Europe

Yvonne Murphy to head mother and baby homes' inquiry in Ireland

  • 29 September 2014
  • From the section Europe
The site of a mass grave for children who died in the Tuam mother and baby home, Galway
People initially thought the grave was for remains of famine victims

Judge Yvonne Murphy will chair an inquiry into church-run mother and baby homes in the Republic of Ireland, the government has announced.

The Commission of Investigation was set up after it emerged almost 800 children had died at a mother and baby home in Tuam, County Galway.

The children were buried in unmarked graves in the grounds of the Bon Secours home for unmarried mothers in Tuam, County Galway, from 1925 to 1961.

The grave was discovered 40 years ago.

However, recently a local historian drew attention to the very high death rate amongst children at the home.

Almost 80% of children died before their first birthday.

A number of the deaths came as a result of illnesses which are largely treatable today.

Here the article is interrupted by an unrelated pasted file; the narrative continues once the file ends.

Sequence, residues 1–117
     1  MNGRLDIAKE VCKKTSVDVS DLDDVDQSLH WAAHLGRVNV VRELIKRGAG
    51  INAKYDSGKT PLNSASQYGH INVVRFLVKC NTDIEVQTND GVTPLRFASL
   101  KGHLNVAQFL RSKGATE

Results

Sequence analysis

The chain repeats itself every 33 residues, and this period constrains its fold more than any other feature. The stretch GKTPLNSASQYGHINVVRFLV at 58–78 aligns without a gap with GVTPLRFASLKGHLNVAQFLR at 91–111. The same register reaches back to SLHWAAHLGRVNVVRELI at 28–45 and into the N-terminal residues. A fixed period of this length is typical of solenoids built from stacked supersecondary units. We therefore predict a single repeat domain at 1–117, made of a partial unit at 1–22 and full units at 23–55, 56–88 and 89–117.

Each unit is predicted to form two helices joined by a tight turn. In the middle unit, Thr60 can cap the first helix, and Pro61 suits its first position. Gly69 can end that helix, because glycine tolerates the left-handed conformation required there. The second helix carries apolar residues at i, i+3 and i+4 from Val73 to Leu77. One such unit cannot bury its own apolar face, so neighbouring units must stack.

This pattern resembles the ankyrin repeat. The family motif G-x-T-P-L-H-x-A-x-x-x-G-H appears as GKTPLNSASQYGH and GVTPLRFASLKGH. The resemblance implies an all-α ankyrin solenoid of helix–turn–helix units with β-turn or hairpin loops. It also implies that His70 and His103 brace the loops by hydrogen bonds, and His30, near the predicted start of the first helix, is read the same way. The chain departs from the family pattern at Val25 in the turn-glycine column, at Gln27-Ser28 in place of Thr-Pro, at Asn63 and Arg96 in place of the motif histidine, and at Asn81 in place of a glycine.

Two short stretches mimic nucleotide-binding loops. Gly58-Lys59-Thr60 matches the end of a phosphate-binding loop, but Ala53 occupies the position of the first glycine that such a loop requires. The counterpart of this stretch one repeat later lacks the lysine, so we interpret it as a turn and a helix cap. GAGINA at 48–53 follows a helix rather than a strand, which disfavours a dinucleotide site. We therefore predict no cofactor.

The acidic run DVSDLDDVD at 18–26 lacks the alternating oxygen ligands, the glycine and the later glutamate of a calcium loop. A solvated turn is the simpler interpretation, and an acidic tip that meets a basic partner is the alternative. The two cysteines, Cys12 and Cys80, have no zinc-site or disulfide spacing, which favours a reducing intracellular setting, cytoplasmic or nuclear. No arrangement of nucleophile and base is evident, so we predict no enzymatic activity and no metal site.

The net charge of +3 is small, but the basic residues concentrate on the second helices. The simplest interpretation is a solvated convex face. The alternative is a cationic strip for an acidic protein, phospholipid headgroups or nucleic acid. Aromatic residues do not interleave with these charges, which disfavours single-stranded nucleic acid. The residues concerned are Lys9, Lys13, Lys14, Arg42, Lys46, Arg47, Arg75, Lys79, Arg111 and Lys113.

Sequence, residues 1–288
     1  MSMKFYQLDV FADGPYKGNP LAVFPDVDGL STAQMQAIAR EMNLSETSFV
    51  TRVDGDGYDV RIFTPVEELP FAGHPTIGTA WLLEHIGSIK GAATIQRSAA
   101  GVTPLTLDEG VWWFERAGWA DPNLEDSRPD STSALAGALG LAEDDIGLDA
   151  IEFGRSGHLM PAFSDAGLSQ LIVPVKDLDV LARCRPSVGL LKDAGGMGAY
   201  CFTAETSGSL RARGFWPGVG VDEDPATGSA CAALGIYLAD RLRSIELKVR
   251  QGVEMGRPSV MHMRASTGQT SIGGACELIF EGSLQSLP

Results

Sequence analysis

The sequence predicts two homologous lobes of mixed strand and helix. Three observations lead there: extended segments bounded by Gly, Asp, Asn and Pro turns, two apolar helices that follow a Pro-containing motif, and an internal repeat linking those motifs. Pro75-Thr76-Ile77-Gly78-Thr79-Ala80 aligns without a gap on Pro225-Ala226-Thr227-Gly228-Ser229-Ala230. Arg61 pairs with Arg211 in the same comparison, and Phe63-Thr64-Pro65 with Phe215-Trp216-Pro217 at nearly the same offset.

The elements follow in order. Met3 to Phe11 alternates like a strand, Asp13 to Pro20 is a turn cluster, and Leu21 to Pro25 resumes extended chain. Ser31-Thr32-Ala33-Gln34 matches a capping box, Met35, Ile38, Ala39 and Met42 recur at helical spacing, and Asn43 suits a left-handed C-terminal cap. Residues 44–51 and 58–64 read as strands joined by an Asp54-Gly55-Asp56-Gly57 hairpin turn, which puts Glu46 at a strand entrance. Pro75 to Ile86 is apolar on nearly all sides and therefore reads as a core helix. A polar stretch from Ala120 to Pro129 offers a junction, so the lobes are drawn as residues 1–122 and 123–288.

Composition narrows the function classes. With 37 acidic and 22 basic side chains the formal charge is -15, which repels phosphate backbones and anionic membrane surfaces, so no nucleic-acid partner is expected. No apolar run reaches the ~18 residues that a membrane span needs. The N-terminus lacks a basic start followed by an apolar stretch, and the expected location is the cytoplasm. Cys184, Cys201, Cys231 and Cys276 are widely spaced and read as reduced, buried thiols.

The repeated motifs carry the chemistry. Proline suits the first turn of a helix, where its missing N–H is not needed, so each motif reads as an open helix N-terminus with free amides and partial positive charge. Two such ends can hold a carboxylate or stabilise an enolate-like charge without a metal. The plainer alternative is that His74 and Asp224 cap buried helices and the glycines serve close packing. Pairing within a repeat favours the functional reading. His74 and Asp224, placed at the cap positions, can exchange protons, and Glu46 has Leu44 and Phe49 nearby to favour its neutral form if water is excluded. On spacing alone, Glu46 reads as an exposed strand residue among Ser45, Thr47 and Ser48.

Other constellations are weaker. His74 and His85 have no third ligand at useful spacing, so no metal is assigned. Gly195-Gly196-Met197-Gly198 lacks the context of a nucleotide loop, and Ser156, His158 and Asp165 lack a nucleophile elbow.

Announcing Judge Murphy's appointment, the Irish Minister for Children and Youth Affairs, James Reilly, said: "I am delighted that a widely respected person of the calibre of Judge Yvonne Murphy has agreed to head up this investigation.

"Judge Murphy has a very strong track record in effectively establishing the truth in relation to important and sensitive matters.

"The government may give consideration to the appointment of further members to the commission, but I believe Judge Murphy's agreement to undertake the role of chair of the commission is a very positive development in the process to establish an effective and independent investigation."

The home was run by nuns between 1925 and 1961
The unmarked grave is in the grounds of a home which was run by the Catholic Church

The mother and baby home in Tuam was run by nuns of the Bon Secours Sisters for 36 years.

The County Galway home was one of 10 institutions in which about 35,000 unmarried pregnant women - so-called fallen women - are thought to have been sent.

When the establishment of the commission was announced in June, Taoiseach (Irish prime minister) Enda Kenny said the inquiry would "probe the past rather than apportion blame".

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